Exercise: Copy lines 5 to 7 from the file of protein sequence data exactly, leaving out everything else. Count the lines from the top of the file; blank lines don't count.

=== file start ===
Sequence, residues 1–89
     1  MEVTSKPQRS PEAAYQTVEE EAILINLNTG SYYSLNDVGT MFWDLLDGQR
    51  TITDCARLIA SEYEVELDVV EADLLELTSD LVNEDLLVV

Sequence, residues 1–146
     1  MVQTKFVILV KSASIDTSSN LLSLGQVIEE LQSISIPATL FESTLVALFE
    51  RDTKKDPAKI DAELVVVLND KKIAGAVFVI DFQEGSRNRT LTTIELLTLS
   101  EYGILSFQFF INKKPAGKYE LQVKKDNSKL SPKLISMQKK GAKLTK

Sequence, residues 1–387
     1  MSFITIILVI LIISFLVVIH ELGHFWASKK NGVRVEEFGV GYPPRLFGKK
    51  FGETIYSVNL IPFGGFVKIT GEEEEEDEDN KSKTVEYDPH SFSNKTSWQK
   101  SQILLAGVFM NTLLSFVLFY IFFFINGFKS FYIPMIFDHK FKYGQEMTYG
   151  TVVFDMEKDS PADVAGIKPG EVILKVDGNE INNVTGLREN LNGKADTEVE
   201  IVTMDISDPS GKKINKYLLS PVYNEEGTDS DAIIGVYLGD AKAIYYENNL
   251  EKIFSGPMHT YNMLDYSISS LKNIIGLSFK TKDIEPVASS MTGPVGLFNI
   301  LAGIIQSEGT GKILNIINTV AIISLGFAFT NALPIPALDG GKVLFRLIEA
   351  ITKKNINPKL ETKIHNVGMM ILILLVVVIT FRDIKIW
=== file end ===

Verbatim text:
     1  MVQTKFVILV KSASIDTSSN LLSLGQVIEE LQSISIPATL FESTLVALFE
    51  RDTKKDPAKI DAELVVVLND KKIAGAVFVI DFQEGSRNRT LTTIELLTLS
   101  EYGILSFQFF INKKPAGKYE LQVKKDNSKL SPKLISMQKK GAKLTK